Dollar-Funding Pressures Steady, Money-Market Indicators Show

Money-market forward indicators signaled little change in short-term dollar funding conditions.

Three-month London interbank offered rate, or Libor, rose to 0.27525 percent from 0.27465 percent yesterday, according to the British Bankers’ Association. The Libor-OIS spread, a gauge of banks’ reluctance to lend, widened to 17.1 basis points from 16.9 basis points.

Overnight index swaps, or OIS, give traders predictions on what the Federal Reserve’s effective funds rate will average for the term of the swap. The central bank’s target rate is set in a range of zero to 0.25 percent.

Predictions in the forward market for Libor-OIS, known as the FRA/OIS spread, held steady at 18.5 basis points, according to the second rolling three-month contracts.

The difference between the two-year swap rate and the comparable-maturity Treasury note yield, known as the swap spread, was little changed at 16.25 basis points. The gap is a gauge of investors’ perceptions of U.S. banking-sector credit risk as swap rates are derived from expectations for dollar Libor.

Swap rates serve as benchmarks for investors in many types of debt, including mortgage-backed and auto-loan securities.

The seasonally adjusted amount of U.S. commercial paper rose $14.4 billion to $1.0478 trillion in the week ended May 29, according to Fed data.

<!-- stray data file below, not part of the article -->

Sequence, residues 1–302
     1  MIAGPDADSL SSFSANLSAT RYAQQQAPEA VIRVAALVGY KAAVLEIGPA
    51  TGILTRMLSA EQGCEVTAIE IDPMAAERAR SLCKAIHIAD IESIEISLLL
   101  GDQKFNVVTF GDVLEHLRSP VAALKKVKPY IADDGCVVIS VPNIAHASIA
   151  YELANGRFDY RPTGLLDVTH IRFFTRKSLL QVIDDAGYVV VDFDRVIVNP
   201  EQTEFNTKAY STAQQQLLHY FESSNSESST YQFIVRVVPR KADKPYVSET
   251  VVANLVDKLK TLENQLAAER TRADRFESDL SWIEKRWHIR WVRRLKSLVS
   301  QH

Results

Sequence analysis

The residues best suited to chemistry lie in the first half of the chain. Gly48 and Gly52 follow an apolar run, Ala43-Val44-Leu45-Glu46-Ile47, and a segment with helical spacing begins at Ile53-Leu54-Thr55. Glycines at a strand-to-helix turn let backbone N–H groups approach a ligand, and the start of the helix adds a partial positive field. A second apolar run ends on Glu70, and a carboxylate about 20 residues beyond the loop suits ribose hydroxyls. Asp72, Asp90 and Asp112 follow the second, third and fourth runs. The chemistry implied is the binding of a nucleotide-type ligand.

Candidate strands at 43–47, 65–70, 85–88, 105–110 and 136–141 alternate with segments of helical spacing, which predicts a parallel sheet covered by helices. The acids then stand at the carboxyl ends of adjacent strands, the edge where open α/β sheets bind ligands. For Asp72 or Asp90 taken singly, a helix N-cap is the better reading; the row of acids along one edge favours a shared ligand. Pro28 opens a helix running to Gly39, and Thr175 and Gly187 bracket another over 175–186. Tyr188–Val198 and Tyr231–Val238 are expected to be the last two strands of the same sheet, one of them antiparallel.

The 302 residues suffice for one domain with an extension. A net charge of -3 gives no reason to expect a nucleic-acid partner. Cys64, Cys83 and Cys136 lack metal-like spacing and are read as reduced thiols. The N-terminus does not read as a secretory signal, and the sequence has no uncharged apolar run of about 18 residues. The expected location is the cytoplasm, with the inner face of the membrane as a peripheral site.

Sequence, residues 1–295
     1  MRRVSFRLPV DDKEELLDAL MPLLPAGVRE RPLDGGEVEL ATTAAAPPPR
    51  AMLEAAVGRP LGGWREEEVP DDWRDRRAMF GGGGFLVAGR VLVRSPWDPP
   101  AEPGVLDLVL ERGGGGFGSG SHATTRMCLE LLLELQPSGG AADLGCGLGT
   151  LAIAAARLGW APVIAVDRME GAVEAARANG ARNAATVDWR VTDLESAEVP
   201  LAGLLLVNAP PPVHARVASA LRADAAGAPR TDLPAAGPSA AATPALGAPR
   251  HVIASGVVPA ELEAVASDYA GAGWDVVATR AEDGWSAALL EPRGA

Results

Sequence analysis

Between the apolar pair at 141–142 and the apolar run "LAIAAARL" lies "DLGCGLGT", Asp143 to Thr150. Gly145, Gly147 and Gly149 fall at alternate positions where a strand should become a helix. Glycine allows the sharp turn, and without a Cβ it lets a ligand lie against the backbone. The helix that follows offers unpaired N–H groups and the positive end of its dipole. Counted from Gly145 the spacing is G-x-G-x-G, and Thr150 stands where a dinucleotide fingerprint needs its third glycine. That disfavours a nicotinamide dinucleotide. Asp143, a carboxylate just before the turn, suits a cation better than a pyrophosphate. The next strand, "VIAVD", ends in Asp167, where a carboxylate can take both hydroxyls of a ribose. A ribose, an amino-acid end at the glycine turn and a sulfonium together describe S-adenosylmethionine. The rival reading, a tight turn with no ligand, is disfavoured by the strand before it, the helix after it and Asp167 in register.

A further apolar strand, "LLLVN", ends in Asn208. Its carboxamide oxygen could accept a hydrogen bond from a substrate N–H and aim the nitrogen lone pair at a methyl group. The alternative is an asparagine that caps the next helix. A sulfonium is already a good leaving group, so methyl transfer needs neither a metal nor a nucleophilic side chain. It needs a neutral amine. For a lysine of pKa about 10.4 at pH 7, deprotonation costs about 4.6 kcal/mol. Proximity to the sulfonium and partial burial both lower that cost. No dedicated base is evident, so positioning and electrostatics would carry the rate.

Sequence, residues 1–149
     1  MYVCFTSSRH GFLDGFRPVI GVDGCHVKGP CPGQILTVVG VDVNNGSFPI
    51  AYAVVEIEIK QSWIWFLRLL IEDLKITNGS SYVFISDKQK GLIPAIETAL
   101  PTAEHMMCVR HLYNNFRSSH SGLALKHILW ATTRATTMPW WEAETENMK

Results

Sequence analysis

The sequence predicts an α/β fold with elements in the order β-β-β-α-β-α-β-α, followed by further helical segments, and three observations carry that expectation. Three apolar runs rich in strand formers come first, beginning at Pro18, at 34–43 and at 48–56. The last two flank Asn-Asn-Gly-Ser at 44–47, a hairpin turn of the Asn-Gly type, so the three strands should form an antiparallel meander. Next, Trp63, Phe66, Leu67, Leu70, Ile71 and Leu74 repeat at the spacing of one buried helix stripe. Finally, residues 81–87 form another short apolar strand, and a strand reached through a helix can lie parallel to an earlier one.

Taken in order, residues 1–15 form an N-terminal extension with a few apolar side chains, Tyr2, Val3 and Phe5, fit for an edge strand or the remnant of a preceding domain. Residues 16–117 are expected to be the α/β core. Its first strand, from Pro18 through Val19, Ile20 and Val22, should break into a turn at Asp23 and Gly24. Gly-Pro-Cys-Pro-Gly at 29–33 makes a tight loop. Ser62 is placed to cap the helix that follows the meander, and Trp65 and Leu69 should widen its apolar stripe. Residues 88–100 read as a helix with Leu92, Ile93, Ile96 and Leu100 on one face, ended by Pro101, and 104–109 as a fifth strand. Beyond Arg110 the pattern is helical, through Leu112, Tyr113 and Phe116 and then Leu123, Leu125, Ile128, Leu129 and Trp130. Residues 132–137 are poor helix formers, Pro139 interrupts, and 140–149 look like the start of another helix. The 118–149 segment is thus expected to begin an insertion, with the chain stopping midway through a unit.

Euribor-OIS Spread

The cost for European banks to convert euro-denominated payment streams into dollars-based funding via the cross currency swaps market was little changed. The three-month cross-currency basis swap was 14.2 basis points below Euribor.

Foreign-exchange swaps are typically for periods of less than a year, while cross-currency basis swaps usually range from one to 30 years. The latter are agreements in which a person borrows in one currency and simultaneously lends in a different currency. The trade involves the exchange of two different floating-rate payments, each denominated in a different currency and based on a different index.

The Euribor-OIS spread, the difference between the euro interbank offered rate and overnight indexed swaps held steady. The measure of banks’ reluctance to lend to one another was 13.3 basis points.

Repo Rates

The overnight Treasury general collateral repurchase agreement rate opened today at 0.11 percent, according to ICAP Plc, the world’s largest inter-dealer broker.

The average rate for borrowing and lending Treasuries for one day in the repo market was 0.022 percent yesterday, according to a GCF repo index provided on a one-day lag by the Depository Trust & Clearing Corp.

Securities dealers use repos to finance holdings and increase leverage. Securities that can be borrowed at interest rates close to the Fed’s target rate are called general collateral. Those in highest demand have lower rates and are called “special.”

The average rate for overnight federal funds, known as the fed effective rate, was 0.08 percent yesterday. The rate opened today at 0.08 percent. The effective rate is a volume-weighted average of trades between major brokers for overnight funds, reported on a day lag by the Federal Reserve Bank of New York.

To contact the reporter on this story: Liz Capo McCormick in New York at emccormick7@bloomberg.net

To contact the editor responsible for this story: Dave Liedtka at liedtka@bloomberg.net

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